The guys all found themselves grooving to tunes of Sabbath and Pink Floyd together in high school in Augusta. They continued to stay together, jamming throughout college between classes and on weekends Feeling they had something there, something special, they put their heads together and threw the dice, agreeing that perhaps they could pursue music full-time. They moved to Atlanta, then to Athens.

They knew they had to find a sense of responsibility, and with the frightening thought of job-searching and finances, they discovered the true meaning of hard work, perseverance and dedication that has kept them together in an amiable, success-filled way since.

Searching for themselves, searching for their trademark sound and unique identity, they got a huge boost from going all the way to the finish line, sweeping the Open Mic Madness competition at Smith’s Olde Bar in Decatur in August 2006. A chance to get their break and be heard, the support of Madness guru Josh Rifkind, manager of The Whigs and a huge promoter of the Atlanta scene, gave them a lift that created a hurricane-like response from listeners and A&R reps.

“Winning the Open Mic Madness contest really gave us a sense of confidence,” says bassist Brantley Senn. “We won studio time from that contest and that was used to record our first EP. When we won I think we realized that we were gonna be successful as long as we did things our way and did what made us happiest. We learned to follow our instincts, to do what feels right, and to never be afraid to take risks. After all, what could be a bigger risk than trying to make a career out of music?”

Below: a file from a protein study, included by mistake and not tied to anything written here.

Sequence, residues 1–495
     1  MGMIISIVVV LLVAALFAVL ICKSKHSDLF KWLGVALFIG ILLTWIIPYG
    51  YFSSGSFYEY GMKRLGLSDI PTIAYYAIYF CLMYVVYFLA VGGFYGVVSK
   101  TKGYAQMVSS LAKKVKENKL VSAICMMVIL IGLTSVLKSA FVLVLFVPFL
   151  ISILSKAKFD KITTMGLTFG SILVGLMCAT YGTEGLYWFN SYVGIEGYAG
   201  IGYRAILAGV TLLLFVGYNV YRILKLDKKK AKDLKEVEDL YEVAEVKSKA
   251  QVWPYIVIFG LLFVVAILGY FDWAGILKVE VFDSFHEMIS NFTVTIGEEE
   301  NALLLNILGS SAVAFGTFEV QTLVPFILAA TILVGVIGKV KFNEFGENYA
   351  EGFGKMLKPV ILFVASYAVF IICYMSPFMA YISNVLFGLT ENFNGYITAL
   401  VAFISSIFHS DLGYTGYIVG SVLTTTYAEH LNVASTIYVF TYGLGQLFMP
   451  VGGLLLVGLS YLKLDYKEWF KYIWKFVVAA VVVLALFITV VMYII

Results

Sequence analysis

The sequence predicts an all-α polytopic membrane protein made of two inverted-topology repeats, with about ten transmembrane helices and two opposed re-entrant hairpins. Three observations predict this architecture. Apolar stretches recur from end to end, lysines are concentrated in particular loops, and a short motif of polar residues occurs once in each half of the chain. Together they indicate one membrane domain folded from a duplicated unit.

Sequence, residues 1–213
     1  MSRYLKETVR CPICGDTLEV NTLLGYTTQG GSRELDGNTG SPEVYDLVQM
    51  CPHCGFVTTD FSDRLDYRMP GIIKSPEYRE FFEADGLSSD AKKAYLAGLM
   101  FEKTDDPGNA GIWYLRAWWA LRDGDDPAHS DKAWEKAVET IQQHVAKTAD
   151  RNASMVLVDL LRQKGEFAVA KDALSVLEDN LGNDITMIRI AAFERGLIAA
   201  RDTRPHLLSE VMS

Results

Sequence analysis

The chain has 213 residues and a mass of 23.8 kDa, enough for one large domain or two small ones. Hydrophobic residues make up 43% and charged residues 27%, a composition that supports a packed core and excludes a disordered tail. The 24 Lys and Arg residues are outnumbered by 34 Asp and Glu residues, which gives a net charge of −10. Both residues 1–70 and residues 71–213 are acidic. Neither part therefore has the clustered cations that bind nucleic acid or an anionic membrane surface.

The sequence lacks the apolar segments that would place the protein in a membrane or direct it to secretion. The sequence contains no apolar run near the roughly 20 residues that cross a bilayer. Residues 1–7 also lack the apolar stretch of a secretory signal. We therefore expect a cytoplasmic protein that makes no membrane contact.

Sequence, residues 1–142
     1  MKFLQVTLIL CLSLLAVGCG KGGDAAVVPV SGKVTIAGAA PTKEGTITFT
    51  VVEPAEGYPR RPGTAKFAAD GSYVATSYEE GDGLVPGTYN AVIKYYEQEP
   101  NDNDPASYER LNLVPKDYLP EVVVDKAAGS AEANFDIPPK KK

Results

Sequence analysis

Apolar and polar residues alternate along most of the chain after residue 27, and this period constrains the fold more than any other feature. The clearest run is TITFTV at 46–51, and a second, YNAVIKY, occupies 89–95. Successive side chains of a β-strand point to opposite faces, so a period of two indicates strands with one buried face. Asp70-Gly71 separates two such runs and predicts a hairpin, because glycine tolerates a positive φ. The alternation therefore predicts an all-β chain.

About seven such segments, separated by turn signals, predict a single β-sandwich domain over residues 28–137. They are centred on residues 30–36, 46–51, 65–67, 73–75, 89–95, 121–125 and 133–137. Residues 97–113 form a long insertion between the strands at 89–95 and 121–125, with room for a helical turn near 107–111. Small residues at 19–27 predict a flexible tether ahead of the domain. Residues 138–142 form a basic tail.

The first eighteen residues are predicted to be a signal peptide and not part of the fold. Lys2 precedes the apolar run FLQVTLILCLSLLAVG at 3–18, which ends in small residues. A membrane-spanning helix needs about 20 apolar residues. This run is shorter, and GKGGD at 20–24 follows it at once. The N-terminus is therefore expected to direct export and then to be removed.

After meeting ATO Records’ Gersh, the band was invited to record Wrecking Ball in Austin with producer Mike McCarthy. The result was a powerful collaboration and immediate connection of sound and production, delivering a marvelous record of 10 energy-laden tracks.

Asked if they enjoyed their stay in the studio with McCarthy, Senn remembers, “Mike is kind of crazy, like all producers. I mean that in the best way possible. It takes an eccentric person to work with all the egos and opinions of the band in the studio. His style of production was a lot like Steve Albini, in that he doesn’t try to change what already works. He’s really serious about the small details. He also did everything he could to make sure we had no reason to redo a take if we got ‘the one.’ It was a slow process and very demanding, but ultimately I feel it paid off.”